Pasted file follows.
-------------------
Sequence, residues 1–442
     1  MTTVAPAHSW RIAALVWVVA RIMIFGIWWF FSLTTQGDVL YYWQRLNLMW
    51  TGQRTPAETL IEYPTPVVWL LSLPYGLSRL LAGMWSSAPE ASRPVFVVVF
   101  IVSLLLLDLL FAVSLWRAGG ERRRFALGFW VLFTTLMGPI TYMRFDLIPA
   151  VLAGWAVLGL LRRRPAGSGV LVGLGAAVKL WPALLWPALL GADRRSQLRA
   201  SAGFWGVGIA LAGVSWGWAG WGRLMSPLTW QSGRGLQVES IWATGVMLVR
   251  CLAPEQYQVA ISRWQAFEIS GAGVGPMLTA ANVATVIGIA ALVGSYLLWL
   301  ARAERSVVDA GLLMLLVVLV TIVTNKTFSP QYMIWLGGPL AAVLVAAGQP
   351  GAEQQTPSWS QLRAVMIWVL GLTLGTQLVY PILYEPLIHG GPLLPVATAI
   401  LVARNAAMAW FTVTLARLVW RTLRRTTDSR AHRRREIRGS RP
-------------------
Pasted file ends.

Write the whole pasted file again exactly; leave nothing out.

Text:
Sequence, residues 1–442
     1  MTTVAPAHSW RIAALVWVVA RIMIFGIWWF FSLTTQGDVL YYWQRLNLMW
    51  TGQRTPAETL IEYPTPVVWL LSLPYGLSRL LAGMWSSAPE ASRPVFVVVF
   101  IVSLLLLDLL FAVSLWRAGG ERRRFALGFW VLFTTLMGPI TYMRFDLIPA
   151  VLAGWAVLGL LRRRPAGSGV LVGLGAAVKL WPALLWPALL GADRRSQLRA
   201  SAGFWGVGIA LAGVSWGWAG WGRLMSPLTW QSGRGLQVES IWATGVMLVR
   251  CLAPEQYQVA ISRWQAFEIS GAGVGPMLTA ANVATVIGIA ALVGSYLLWL
   301  ARAERSVVDA GLLMLLVVLV TIVTNKTFSP QYMIWLGGPL AAVLVAAGQP
   351  GAEQQTPSWS QLRAVMIWVL GLTLGTQLVY PILYEPLIHG GPLLPVATAI
   401  LVARNAAMAW FTVTLARLVW RTLRRTTDSR AHRRREIRGS RP